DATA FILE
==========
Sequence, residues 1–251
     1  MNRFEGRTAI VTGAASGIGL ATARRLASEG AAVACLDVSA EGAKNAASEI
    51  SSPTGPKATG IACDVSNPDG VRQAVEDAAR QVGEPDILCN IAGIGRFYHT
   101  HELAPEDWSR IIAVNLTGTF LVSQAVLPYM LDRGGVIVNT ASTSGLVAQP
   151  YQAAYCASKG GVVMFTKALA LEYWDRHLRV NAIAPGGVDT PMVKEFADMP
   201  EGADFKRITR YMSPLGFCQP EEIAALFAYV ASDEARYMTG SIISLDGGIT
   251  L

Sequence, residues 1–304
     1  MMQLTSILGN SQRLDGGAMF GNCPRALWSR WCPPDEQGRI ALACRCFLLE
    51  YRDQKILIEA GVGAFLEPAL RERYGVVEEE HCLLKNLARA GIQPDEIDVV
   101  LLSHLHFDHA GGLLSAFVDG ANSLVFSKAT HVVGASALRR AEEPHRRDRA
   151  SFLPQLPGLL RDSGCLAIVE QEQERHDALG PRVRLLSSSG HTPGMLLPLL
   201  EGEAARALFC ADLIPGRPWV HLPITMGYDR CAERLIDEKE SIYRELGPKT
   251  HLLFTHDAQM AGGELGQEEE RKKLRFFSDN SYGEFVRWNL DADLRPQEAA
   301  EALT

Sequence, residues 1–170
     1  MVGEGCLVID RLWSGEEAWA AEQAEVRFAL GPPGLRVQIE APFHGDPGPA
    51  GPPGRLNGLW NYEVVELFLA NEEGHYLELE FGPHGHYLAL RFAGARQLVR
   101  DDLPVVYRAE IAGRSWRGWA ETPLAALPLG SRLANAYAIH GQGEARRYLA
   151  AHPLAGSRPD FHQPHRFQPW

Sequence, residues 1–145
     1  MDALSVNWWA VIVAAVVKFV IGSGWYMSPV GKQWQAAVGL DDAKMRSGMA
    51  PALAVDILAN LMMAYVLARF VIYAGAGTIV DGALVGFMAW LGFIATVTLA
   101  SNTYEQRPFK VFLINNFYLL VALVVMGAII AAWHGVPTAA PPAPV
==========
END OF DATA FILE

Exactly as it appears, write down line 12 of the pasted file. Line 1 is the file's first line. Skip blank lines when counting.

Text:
   151  SFLPQLPGLL RDSGCLAIVE QEQERHDALG PRVRLLSSSG HTPGMLLPLL